Dawson, Sanford and the GOP's Fortune Cookie Intrigue
“Your principles mean more to you than any money or success.”
-Fortune Cookie Proverb
Miyo’s restaurant in downtown Columbia is the “It” spot for political power lunches ... and telling fortune cookies.
A half-block from the State House on South Main Street, Miyo's is where all the Jokerville insiders go to “see and be seen” between gavels, and on most legislative days you could literally call a quorum of both the House and Senate there.
Not coincidentally, a parade of short-skirted lobbyists, ambitious government staffers and quote-hungry reporters dot the restaurant’s lunch-scape, cozying up to the various powerbrokers for a favor when they're not whispering secrets about them behind their backs.
Ironically, on our last visit to Miyo's we got the fortune cookie proverb quoted above – a little crackle of honesty in an establishment that could probably cook its food in the dining area given all the hot air emanating from its regular patrons.
Sadly, far from meaning “more than any money or success,” principles are anathema to the vast majority of individuals constituting the Columbia establishment. They are akin to faded images from an old family photo album, scarcely-recognizable relics of a past that was sacrificed long ago on the altars of power, greed and convenience.
Take SCGOP Chairman Katon Dawson, for example.
Just this morning, Dawson, performed another “see no evil” jig of Swiss Diplomacy in the ongoing spat between GOP Treasurer nominee Thomas Ravenel and liberal philanthropist John Rainey.
Once again, the man most responsible for electing Republicans to statewide office in 2006 allowed a left-leaning, anti-tax cut, attention-seeking blowhard to blister his party’s nominee for one of the most critical elected offices in the state – and get away with it scot-free.
Like most things in politics, it all boils down to the twin corrosives of personal power and the almighty dollar.
Katon Dawson desperately wants to become an ambassador, to trade in the pedestrian desk at his West Columbia auto parts store for the aristocratic trappings of a faraway embassy.
But to curry favor, he must continue appeasing “Bush Gods” like Karl Rove and David Wilkins, which is why doing his duty to the state party and defending Ravenel against John Rainey just won’t do.
Rainey, after all, has raised significant sums of money for the Bushies, and was recently rewarded for his efforts with a Presidential appointment to the Board of Visitors at West Point. Rainey is also the governor’s Board of Economic Advisor’s Chairman, another bought-and-paid-for honorarium he has parlayed into solidifying his GOP “untouchable” status.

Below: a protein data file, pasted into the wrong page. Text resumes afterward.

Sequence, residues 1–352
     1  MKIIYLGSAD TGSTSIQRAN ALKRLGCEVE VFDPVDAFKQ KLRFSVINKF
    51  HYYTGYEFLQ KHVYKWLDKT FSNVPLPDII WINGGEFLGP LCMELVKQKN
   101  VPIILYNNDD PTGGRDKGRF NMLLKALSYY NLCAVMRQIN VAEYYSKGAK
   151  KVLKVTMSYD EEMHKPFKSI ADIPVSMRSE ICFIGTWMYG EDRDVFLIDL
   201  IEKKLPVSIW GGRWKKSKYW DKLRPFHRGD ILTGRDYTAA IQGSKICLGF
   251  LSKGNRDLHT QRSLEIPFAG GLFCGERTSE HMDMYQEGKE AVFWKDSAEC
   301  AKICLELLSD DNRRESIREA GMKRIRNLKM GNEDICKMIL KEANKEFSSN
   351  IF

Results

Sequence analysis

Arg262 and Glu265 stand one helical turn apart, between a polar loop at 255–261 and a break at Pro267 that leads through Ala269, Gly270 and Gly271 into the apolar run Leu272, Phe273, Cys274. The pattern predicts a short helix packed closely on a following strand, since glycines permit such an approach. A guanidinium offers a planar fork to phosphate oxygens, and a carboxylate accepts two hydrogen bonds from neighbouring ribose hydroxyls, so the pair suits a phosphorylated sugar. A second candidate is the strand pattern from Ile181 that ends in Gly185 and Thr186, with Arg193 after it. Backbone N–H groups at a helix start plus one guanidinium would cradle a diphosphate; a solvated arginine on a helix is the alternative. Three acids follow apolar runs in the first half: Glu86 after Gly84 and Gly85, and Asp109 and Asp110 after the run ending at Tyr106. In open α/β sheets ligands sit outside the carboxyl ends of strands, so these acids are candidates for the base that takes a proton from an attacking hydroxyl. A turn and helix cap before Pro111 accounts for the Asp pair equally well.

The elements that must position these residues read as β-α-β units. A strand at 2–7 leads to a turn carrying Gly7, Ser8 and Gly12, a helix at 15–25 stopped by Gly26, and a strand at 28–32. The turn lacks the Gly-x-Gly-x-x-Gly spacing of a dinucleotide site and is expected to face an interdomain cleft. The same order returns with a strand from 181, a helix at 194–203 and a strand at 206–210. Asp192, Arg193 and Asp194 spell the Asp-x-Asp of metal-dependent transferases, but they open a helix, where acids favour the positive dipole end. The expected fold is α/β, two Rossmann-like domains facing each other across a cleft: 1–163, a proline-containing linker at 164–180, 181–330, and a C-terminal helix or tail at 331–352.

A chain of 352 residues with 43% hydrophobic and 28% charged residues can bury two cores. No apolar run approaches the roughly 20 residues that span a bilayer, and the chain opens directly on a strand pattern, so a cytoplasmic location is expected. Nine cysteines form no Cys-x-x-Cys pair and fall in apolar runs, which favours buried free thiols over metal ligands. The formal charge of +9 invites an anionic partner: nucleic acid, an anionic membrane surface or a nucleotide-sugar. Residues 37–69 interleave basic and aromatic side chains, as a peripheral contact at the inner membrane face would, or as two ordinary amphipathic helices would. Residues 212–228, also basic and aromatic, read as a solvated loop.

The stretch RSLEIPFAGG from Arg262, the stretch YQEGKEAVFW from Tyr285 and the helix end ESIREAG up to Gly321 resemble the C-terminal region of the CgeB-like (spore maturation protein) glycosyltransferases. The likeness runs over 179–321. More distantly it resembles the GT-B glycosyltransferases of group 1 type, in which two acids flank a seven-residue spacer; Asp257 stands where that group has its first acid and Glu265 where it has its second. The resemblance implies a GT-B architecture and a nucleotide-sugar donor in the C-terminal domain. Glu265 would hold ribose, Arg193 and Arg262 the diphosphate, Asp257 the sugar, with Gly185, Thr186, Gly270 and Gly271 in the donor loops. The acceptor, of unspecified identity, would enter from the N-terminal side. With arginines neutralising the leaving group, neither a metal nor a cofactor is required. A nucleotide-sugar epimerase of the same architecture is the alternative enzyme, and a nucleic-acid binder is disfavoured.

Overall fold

Is that status deserved? We'll let you decide.
In three-plus years at the helm of the BEA, Rainey hasn’t even come close to accurately predicting South Carolina’s incoming revenues. In fact, he’s missed the mark by $800 million.
Rainey defends himself by citing the gross overstatements of revenue that were epidemic during the Hodges administration, but there’s clearly an ulterior method to his misinformed madness.
Had Rainey’s revenue estimates been on the mark, Gov. Mark Sanford would have had a slam dunk case for the job-creating income tax cuts that he pushed so aggressively during the first two years of his administration.
Instead, the Rainey-led BEA low-balled the numbers, and unleashed supposedly neutral State Economist Bill Gillespie to wage nonstop warfare against the governor’s proposed tax cuts.
Gillespie’s weapon of choice? The class warfare argument so frequently employed by the liberal establishment any time conservative Republicans seek to stimulate the economy by cutting taxes. Lapped up eagerly by The State newspaper’s Jennifer Talhelm, every utterance from Gillespie merited another front page story attacking the governor’s wisdom in reducing what is effectively the highest income tax rate in the Southeast.
With the media marching in goose step with Rainey’s BEA, Democrats and anti-Sanford Republicans in the General Assembly, the governor’s tax cuts never had a chance.
One would think that the governor – who desperately needs Ravenel’s vote on the State Budget and Control Board (not to mention another pro-growth Republican in statewide elected office), would have long ago figured out “Who’s Zooming Who?” in this insider intrigue.
Inexplicably, he hasn’t.
In fact, the deafening silence coming from the governor’s office throughout the Rainey-Ravenel exchange is even more disheartening than Chairman Dawson’s tepid support.
Does the governor want to continue going it alone, ramming his head against the institutional wall in Columbia with nothing to show for it? Or could it be that the prospect of another strong fiscal conservative with a statewide bully pulpit somehow threatens the “Maverick Monopoly” he’s carved out for himself?
Despite a double-digit lead in the polls and a nonexistent Democratic challenger, Sanford continues to cite the November election as the root of his lethargy, promising to make things right once his second term has been secured.
Dawson has no such crutch to lean on.
November 7 will soon have come and gone, but no matter what the outcome, Dawson and Sanford have proven that when the rubber hit the road, money and success appear to have meant more to them than their principles.
As a result, we continue to have a government that spends too much, gives back too little and encourages a cycle of dependency that keeps our state at the bottom of the national barrel.